When students are asked to make up problems & are encouraged to ask questions, good things happen.
10 December 2010: From Ashley's Mom, describing in part how Don teaches:
- things that are NOT true - but ideas people, because of ignorance, expedience and/or things they were taught, try to shove down their students'/childrens' throats:
1. You can't take 7 from 3. (3 -7= -4, you’re below 0)
2. When you multiply, the answer is bigger. (6 x 2/3 = 4 )
3. You have to add from right to left.
4. When you subtract the result is smaller.( 4 - -3 = 7)
5. Fractions are small numbers. (1/.01 = 100)
6. There's only one way to do something.
7. When you add the result is bigger. (5 + -4 = 1)
8. When you divide the result is smaller. ( 5 ÷ ½ = 10 )
9. I can't do it unless someone tells me how to do it- result of teachers who are afraid to let the student THINK.
10. "Math is hard and only a few people can do it"- Usually from teachers who want to keep the class size small.
11. You have to know everything about whole numbers before you can do fractions, when all you need is to count how many of these pieces make a whole cookie, then you can name the fraction.
12. You have to know algebra before you can learn about calculus.
If the teacher wants a student to do something one way, and the student does it a different way, and gets the right answer, should the student be marked wrong? OF COURSE NOT !!! But they are...
February 2011 From a parent and son:
While watching my 26 year old son with Don aka "the mathman" this morning at breakfast, it was de ja vu only with a twist. This morning, Jonathan was going over material and making drawings to illustrate to Don some things that he may not have known instead of Don doing the illustrations and making explanations for him as Don had done many times and many years ago.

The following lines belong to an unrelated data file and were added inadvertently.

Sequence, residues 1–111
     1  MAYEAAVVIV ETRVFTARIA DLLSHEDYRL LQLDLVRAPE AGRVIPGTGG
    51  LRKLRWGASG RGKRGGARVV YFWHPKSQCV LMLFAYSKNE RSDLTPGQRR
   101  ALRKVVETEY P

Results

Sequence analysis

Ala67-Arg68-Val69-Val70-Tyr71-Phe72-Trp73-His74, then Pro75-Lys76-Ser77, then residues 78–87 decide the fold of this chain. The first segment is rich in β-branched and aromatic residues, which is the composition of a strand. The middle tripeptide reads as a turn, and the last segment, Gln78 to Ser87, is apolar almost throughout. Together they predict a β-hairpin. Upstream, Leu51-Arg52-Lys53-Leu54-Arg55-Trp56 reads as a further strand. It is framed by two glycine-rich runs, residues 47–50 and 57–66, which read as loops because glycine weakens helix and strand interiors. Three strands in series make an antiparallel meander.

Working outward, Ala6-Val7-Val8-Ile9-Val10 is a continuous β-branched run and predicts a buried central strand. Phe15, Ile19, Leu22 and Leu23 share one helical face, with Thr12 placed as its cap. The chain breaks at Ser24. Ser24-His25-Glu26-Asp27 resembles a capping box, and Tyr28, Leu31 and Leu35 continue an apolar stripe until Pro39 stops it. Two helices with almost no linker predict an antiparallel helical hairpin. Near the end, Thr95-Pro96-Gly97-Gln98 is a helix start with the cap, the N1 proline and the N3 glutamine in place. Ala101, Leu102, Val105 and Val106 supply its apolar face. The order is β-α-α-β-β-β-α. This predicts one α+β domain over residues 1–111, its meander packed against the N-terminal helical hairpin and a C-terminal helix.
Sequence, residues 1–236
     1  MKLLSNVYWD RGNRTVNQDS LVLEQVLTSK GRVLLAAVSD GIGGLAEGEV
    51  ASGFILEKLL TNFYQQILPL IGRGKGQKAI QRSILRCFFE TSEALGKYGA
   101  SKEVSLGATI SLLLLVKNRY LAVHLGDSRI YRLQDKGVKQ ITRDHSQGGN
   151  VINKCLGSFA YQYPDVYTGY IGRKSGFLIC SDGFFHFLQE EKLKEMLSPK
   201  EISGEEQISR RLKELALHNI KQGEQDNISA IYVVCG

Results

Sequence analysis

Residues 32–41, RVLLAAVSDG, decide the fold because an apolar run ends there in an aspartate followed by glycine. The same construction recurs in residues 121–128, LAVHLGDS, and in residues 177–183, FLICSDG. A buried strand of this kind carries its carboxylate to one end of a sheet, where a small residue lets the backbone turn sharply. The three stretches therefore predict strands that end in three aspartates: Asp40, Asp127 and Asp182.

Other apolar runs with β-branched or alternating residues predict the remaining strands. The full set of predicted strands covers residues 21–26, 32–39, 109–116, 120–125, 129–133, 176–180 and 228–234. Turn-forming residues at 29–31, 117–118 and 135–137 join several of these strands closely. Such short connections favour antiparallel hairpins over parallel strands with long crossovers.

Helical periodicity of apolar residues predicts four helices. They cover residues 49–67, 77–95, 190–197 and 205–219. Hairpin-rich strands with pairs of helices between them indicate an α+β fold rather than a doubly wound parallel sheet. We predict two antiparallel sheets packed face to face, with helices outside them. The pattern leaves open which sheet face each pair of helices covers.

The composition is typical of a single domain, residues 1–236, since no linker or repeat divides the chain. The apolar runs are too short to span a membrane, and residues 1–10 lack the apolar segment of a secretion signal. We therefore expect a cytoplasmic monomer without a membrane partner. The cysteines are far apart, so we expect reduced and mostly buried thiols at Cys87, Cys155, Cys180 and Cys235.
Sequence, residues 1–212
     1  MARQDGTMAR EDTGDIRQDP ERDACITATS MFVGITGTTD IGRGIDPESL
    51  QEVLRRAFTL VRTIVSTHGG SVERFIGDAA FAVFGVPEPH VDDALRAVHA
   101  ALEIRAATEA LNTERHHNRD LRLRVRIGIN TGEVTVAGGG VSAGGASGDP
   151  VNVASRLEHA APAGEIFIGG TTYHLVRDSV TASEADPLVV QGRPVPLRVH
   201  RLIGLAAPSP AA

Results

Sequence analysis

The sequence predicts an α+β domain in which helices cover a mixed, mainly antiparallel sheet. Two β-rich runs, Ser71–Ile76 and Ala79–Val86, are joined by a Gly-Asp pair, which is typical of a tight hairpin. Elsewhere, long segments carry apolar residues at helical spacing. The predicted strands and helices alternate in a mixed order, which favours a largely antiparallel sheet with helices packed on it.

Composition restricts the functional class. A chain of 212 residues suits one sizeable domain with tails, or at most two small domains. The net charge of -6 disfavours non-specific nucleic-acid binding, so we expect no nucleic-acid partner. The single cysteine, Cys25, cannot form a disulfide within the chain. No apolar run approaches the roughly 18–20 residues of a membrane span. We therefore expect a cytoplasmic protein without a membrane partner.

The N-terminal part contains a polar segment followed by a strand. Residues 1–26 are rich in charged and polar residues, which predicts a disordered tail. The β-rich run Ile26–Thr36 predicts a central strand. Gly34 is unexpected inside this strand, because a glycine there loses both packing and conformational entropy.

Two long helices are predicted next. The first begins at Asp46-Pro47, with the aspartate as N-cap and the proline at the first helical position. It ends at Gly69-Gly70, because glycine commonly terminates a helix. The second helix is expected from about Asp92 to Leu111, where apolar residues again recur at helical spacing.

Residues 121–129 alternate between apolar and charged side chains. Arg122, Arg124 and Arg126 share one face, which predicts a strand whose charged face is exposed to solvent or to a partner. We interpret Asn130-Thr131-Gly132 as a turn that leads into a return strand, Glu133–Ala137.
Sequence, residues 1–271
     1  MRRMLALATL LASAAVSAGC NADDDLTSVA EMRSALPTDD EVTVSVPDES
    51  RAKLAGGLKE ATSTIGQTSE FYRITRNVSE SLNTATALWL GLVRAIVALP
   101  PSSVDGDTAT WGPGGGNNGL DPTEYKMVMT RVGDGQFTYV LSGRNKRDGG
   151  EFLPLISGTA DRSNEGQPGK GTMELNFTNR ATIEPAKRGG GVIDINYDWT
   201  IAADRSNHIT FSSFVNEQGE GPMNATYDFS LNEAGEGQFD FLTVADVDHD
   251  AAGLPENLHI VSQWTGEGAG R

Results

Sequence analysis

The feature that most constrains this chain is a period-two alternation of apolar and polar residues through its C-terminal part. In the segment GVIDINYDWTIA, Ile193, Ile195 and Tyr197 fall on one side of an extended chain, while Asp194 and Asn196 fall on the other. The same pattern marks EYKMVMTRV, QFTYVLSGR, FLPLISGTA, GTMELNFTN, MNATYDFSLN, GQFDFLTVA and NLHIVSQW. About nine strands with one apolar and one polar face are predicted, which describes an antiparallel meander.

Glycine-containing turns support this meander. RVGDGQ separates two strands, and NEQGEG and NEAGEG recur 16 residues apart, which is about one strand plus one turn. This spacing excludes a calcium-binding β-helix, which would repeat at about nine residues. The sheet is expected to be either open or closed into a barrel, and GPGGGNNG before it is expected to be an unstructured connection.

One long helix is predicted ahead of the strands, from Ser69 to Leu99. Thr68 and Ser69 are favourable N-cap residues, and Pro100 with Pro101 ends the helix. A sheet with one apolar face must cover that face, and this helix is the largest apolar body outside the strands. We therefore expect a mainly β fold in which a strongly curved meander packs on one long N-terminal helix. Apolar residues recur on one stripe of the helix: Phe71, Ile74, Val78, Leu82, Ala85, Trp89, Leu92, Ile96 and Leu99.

You see, Don was highly recommended to me by a very good friend who sent her daughter to him when she struggled with math before becoming a teacher years later.
I called him and explained that my son was 12 and was being made to feel he was stupid in school when it came to math, even though he excelled to a level far beyond most in his class and many other classes above him in every other subject. I knew something was terribly wrong and I had to do everything in my power to prevent his failure knowing how intelligent he was. I just couldn't seem to help him because he needed to learn math in a different way from the one and only way it was being taught in the schools. I was also taught that one particular way which was why I never excelled in math and really wasn't ever excited about it even to this day.
To make a long story short, a meeting and first 2 hour lesson was set up with "the mathman" and when I dropped my son off, all I could do was pray that this might be the help he needed. Lo and behold, when I picked Jonathan up from his lesson and he got into the car, he excitedly began to tell me about the things he did and learned in that two hours and he never stopped talking about math from that day and couldn't wait to get out of school for the day to get to Mr. Cohen's lessons so he could actually learn something.